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Parental Monitoring: Should I Monitor My Teen’s Technology?

Many parents grapple with the question of how—and how much—to monitor. Our experts offer ideas for how to approach parental monitoring in a way that works for you.

Should I Monitor? Digital Parenting


Jennifer Cohen: Hi, and welcome to Digital-Savvy Parenting: Should You Monitor, presented by Your Teen Media and Verizon. Today is the second of a four-part webinar series on technology and teenagers. I’m Jennifer Cohen and I’ll be moderating today’s discussion on parental monitoring. Thank you all for joining us tonight.

Let me introduce our panelists. Hemanshu Nigam is the founder of SSP Blue, the leading advisory firm for online safety, security and privacy challenges, and Amy Speidel, a certified parenting coach.

Hemu will present 4 different technology parenting styles and Amy will offer parenting advice for each style.

Hemu: What kind of parent did you have when you were a child? Some of you were on the phone and you heard a click and you knew that someone was listening to your call. You realized your parents were spying on you. Now you are a parent and you have teenagers. Do you pick up the phone? Do you look at their phone? This style can work in certain households. So if you are this type of parenting, what type of software is there for monitoring everything your teenager is doing, including every key stroke they type, all the websites they visit. These monitoring devices are called Key stroke logging.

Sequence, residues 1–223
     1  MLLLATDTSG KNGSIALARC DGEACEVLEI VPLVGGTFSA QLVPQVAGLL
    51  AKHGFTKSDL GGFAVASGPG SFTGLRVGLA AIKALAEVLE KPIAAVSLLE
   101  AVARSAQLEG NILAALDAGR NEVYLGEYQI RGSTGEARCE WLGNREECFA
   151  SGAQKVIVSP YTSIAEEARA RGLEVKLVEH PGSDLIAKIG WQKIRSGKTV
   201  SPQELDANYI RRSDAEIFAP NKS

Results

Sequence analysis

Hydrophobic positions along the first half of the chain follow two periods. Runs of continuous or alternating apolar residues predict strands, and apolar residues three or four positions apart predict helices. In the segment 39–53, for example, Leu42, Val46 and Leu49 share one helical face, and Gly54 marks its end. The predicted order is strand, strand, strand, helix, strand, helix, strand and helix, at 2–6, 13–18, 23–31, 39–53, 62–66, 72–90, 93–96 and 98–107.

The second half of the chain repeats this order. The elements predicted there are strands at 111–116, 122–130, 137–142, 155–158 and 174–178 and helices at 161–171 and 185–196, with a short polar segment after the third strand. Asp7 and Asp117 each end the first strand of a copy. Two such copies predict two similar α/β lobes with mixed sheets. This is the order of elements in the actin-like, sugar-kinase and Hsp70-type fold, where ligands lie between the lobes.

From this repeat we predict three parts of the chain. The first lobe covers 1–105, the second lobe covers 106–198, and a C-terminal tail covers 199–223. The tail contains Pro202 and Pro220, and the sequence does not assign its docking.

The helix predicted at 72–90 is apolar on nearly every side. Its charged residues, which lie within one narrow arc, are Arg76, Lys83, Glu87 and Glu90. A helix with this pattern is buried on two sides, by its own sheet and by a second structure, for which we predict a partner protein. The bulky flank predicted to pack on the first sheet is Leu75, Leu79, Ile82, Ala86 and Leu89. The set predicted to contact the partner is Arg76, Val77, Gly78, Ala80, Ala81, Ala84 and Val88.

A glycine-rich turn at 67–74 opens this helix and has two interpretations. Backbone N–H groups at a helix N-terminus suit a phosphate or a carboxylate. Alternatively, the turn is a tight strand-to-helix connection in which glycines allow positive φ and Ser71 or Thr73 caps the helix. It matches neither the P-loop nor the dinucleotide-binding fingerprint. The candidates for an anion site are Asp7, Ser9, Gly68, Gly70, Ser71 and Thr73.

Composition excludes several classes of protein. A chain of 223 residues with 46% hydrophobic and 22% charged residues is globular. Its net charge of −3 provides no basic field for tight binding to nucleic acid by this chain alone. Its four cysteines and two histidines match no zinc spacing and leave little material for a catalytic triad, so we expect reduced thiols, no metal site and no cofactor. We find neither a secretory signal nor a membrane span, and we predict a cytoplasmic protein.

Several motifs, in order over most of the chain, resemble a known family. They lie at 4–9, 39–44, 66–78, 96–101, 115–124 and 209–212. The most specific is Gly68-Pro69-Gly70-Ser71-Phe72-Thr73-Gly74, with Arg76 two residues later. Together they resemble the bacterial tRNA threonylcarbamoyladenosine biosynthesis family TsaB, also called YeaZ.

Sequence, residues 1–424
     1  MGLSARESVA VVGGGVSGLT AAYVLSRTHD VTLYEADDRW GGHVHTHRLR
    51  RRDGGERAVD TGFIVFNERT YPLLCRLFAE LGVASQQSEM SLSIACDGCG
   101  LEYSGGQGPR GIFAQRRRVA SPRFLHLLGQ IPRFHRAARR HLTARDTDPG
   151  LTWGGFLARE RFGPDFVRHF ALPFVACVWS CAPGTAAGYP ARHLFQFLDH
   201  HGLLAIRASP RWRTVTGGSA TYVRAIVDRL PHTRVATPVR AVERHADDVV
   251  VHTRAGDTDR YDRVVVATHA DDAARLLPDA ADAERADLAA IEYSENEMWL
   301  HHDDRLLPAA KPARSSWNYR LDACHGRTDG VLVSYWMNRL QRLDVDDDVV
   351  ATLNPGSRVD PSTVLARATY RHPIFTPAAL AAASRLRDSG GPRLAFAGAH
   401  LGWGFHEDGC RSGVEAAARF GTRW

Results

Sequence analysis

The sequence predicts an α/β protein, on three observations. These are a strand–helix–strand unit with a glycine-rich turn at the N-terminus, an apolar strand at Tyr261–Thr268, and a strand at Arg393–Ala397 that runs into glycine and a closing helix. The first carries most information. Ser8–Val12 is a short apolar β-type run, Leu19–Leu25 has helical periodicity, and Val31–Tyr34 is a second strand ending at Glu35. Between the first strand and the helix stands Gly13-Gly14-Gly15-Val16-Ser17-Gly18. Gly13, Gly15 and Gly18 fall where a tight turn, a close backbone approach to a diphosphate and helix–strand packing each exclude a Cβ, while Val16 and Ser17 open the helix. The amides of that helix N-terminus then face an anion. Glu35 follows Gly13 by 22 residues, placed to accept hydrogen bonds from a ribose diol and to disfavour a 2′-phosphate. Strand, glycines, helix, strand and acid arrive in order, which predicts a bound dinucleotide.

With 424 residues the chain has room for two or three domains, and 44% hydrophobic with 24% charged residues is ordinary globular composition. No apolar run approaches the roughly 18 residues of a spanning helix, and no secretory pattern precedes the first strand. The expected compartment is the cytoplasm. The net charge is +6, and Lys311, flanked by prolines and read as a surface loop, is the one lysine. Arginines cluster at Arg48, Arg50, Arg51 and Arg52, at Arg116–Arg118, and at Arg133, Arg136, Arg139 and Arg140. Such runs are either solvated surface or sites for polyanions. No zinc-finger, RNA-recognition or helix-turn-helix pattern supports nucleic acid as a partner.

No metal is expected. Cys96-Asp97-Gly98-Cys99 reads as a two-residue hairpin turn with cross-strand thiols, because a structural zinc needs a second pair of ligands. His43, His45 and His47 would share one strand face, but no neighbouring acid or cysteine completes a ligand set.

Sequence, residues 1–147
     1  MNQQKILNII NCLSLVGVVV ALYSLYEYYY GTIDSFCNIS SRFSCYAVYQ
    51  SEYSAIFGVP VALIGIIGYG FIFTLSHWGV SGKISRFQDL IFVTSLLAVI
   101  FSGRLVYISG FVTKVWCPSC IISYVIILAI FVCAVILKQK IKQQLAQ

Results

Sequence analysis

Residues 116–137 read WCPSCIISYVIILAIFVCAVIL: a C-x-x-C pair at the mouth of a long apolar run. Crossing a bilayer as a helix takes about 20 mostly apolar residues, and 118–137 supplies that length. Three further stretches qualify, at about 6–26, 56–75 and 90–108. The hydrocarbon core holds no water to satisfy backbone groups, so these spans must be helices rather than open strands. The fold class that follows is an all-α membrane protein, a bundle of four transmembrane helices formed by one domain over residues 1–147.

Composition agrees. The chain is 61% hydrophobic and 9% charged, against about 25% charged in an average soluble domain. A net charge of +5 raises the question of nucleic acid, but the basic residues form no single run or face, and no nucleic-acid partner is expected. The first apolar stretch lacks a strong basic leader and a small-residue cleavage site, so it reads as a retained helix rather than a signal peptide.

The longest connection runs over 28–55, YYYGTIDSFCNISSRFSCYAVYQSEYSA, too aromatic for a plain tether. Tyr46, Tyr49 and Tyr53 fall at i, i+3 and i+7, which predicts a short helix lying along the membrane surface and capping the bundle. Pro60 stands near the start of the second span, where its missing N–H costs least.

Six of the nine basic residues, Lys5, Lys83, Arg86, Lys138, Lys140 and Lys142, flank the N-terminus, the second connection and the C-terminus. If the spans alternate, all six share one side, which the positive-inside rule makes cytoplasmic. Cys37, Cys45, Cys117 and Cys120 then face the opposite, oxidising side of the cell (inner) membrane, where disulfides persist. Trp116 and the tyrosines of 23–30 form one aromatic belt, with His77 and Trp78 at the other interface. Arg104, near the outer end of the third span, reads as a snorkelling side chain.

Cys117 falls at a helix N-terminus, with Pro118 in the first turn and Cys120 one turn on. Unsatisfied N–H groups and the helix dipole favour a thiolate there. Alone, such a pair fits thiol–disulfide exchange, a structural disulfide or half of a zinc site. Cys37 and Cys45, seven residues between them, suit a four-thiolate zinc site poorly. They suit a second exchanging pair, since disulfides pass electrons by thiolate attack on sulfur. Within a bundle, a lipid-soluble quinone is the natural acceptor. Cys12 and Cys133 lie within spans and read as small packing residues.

Suggested Software: SpyAgent, Norton Family.

Amy: If you choose to monitor, be upfront about it. The reason is that it allows you to have a discussion about why you think this is a responsible piece for us for your safety. Why you think this is important. Your teen will not say thank you; he will respond kicking and screaming. The reason for the anger is that no one wants to be controlled by someone else.

The best way to set this up is that as soon as electronics are brought into the home, you tell your children that you will monitor. “We will monitor because we believe that it is our job to keep you safe.” The advantage to setting up monitoring from the very beginning is that you are not discussing trust. You are just saying that this is how we do it. Kids may say—other parents don’t do this. Your response is, “We are not them and we do it differently.”

We should be upfront about monitoring. Spying is a whole different thing that creates distrust. And when we say we monitor, it brings in accountability.

(Click here for the rest of the panel on parental monitoring)

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